Registry rapped over domain name mailing

The Domain Name Registry of Europe has been told to stop a direct mailing because of fears that it could cause distress

The Advertising Standards Authority has told a domain name registry to withdraw a direct mailing after receiving complaints that it misleadingly exaggerated the importance and status of its content and was distressing and intimidating to recipients.

The company, called the Domain Registry of Europe--which operates out of a business suite on London's Gloucester Road--had been sending out mail that featured an image of the European Union flag next to the words "Domain Registry of Europe". Under the words "important notice" (in capitals), the mail recommended that recipients renew their domain name "at least 30 days prior to its expiration to avoid any 'Registrar Lock'."

"Should your current registrar lock your domain name you will be unable to renew your domain name at what are likely to be the new lower prices offered by our firm," it continued. "Renew today to avoid being forced to pay higher prices. Failure to renew your domain name... may result in a loss of your online identity, which may make it difficult for your customers and friends to locate you on the Web... Deregulation of domain name registration now allows the consumer the choice of their registrar... You are under no obligation to pay the amounts stated below, unless you accept this offer... This notice is not a bill, rather an easy means of payment should you decide to register or renew your domain(s) with us".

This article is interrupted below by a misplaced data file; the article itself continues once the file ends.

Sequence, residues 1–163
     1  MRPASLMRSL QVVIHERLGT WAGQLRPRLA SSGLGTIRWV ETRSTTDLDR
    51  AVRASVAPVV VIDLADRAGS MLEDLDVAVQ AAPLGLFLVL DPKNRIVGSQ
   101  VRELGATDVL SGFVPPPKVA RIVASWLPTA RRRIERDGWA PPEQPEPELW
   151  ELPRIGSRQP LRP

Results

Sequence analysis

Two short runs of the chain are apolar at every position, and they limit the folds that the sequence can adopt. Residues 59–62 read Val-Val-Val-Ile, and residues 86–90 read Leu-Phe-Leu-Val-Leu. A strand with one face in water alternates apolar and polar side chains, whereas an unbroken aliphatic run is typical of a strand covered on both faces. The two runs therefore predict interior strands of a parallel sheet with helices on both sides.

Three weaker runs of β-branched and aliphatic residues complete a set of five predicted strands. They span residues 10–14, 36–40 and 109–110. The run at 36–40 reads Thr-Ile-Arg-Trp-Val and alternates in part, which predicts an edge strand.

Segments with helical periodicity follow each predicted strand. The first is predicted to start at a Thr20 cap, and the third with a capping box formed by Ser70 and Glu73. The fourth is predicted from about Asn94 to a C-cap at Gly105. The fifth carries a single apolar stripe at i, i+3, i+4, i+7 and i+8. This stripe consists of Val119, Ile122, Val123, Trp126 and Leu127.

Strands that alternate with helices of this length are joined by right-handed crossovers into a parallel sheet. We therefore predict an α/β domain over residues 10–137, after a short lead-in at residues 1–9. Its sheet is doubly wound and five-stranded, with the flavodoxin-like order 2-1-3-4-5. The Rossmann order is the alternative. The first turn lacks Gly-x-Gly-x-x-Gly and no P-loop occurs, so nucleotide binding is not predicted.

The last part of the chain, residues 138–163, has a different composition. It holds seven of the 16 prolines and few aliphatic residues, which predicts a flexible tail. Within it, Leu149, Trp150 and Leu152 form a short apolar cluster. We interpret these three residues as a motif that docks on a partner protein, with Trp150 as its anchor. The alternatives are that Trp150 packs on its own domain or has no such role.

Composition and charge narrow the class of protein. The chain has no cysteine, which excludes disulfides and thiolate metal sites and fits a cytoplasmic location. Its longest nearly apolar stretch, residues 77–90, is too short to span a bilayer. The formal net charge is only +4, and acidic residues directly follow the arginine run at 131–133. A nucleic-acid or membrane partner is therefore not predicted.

According to the ASA, the advertisers argued that the words "Important Notice" were valid because most recipients were probably unaware that the domain name industry had been deregulated. The advertisers maintained that the advertisement informed recipients that they were under no obligation to renew their domain name with their current registrar, said the ASA.

Given that the advert combined the image of the company name and the European Union Flag, the ASA found that the overall implication was that the mailing was an official notice. It concluded that the mailing misleadingly exaggerated the importance of its content and was "concerned that the advertisers had not sent evidence to show that they were able to renew or take control of domain names".

The ASA was also, it said, "concerned that the mailing might distress some recipients".

The Domain Registry of Europe said it had no comment.


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